PARK CITY — Ever since opening region play last week by beating defending 3A champion Judge Memorial, Park City has felt like its offense was on the upswing. The Miners were communicating better and mastering the sort of possession game vital to their scoring attack.

Still, it wasn't supposed to look this easy against archrival Wasatch.

Park City toyed with the Wasps, racking up goals like they were points in a video game to secure a 5-0 victory on Wednesday afternoon. It didn't seem to matter who shot the ball or where they shot it. The ball kept going in.

"It was a weird game today," senior Hannah Terry said. "Even though we weren't playing as fast as we would have liked to, we were connecting really well."

Weird described Park City's initial goal perfectly. The Miners scored in the fifth minute when Lauren Reich volleyed the ball right at Wasatch keeper Sierra Wardle. It bounced off Wardle's fingertips as she tried to clear the ball over the crossbar and rolled over the end line in anticlimactic fashion.

It took Park City a few seconds to realize they even scored.

"It was dead quiet," senior Lindsi Lisonbee said. "Then Lauren was the first one to scream because she knew it was going in."

Once the ice had been broken, it took little time for it to fragment and dissolve completely. Goals came at a fast and furious pace for the Miners throughout the half.

Lisonbee made it 2-0 in the 15th minute when she scooted around Natalie Pennington, while going one-on-one, and rocketed the ball past Wardle as she dove for it. Terry made it a three-goal lead in the 20th minute when she dribbled around Katrina Baird and bent the ball around the near post.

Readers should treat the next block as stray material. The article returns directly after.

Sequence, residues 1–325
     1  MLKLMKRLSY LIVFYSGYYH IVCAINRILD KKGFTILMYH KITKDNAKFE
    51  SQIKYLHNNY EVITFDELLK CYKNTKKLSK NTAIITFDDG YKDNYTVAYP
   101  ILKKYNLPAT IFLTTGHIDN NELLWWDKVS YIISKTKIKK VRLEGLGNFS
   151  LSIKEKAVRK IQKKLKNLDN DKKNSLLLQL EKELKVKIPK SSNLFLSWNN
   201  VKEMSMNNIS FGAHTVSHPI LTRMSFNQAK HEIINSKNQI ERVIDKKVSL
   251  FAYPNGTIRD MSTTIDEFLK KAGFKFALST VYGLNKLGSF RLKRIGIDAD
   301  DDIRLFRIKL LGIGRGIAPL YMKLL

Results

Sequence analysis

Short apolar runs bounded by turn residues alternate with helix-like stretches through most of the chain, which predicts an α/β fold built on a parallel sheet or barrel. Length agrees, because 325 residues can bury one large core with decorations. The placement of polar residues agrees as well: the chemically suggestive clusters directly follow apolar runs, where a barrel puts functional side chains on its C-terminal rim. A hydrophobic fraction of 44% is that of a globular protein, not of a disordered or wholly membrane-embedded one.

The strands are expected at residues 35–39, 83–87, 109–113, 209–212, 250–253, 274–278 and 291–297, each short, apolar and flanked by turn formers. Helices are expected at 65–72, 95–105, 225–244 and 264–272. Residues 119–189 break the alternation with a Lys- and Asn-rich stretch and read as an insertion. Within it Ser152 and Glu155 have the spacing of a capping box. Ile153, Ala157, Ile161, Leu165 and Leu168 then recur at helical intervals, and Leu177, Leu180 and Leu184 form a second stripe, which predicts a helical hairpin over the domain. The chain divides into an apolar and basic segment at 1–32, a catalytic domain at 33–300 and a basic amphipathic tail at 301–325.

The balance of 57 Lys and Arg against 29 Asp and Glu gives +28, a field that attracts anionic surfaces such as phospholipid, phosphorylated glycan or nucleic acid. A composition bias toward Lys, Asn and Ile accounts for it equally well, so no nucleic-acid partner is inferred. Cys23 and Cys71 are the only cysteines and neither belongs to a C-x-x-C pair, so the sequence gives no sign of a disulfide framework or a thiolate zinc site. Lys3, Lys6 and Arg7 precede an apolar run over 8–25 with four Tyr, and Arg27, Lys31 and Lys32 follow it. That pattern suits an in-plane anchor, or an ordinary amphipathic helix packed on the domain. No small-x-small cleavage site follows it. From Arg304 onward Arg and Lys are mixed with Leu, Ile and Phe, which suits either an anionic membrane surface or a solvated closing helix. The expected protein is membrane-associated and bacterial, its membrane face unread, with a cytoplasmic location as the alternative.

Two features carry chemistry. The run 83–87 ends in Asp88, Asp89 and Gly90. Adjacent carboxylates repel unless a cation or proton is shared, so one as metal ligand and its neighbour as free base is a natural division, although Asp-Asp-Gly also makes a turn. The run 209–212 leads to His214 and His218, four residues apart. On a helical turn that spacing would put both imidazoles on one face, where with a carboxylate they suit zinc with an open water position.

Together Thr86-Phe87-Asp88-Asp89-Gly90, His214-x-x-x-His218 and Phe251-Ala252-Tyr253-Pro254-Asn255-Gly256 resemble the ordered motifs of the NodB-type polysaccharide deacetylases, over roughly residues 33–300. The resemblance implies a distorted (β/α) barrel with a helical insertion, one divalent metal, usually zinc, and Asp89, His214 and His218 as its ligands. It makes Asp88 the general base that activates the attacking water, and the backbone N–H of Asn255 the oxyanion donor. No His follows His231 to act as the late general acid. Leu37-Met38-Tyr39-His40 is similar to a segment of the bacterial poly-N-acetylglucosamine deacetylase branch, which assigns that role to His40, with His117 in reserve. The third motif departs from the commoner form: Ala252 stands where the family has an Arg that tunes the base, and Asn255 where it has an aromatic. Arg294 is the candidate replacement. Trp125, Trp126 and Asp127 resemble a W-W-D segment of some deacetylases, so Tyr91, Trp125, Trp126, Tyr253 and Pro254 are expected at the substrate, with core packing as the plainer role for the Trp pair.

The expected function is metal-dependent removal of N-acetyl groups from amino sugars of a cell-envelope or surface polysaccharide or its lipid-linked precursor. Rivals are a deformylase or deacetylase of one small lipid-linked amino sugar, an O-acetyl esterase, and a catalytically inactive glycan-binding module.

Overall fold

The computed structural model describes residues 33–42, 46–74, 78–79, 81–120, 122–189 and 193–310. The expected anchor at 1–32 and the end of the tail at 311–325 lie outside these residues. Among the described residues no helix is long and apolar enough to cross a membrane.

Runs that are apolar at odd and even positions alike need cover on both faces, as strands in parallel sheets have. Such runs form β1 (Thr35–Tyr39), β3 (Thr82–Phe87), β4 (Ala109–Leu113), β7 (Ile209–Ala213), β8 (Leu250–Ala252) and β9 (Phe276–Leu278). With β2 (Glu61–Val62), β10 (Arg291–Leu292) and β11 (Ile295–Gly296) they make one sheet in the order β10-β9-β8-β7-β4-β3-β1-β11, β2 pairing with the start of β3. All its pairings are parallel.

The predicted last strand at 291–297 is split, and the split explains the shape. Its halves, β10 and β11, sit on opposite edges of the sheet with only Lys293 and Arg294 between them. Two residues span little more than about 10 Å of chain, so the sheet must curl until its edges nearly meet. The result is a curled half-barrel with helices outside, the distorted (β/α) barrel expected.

Margaret Vallejo capped off the first-half frenzy in the 36th minute by rifling the ball from the far side of the penalty area to the opposite post. The ball clanked off the top portion of the post and took a wicked hop into the net.

The Wasps showed some conservative tendencies on defense an allowed the Miners too much space to operate. They wasted no time taking full advantage of the situation.

"It didn't take us long to realize we had that much space behind us," Lisonbee said. "No one was really putting a ton of pressure on us. Just the fact they were staying that far back helped us to hold the ball longer and find open players."

Park City is finally cultivating some rewards from a ragged preseason schedule that left the team with three losses and one tie in its first five games. The Miners are 4-0 in region play and definitely resemble a region title contender more than they did a couple of weeks ago.

"I just think all of our players are becoming a little bit more comfortable with each other," Park City coach Chip Cook said. "We're just getting more comfortable as a team (and) creating a lot of opportunities. Today, we were able to finish off on a lot of opportunities."

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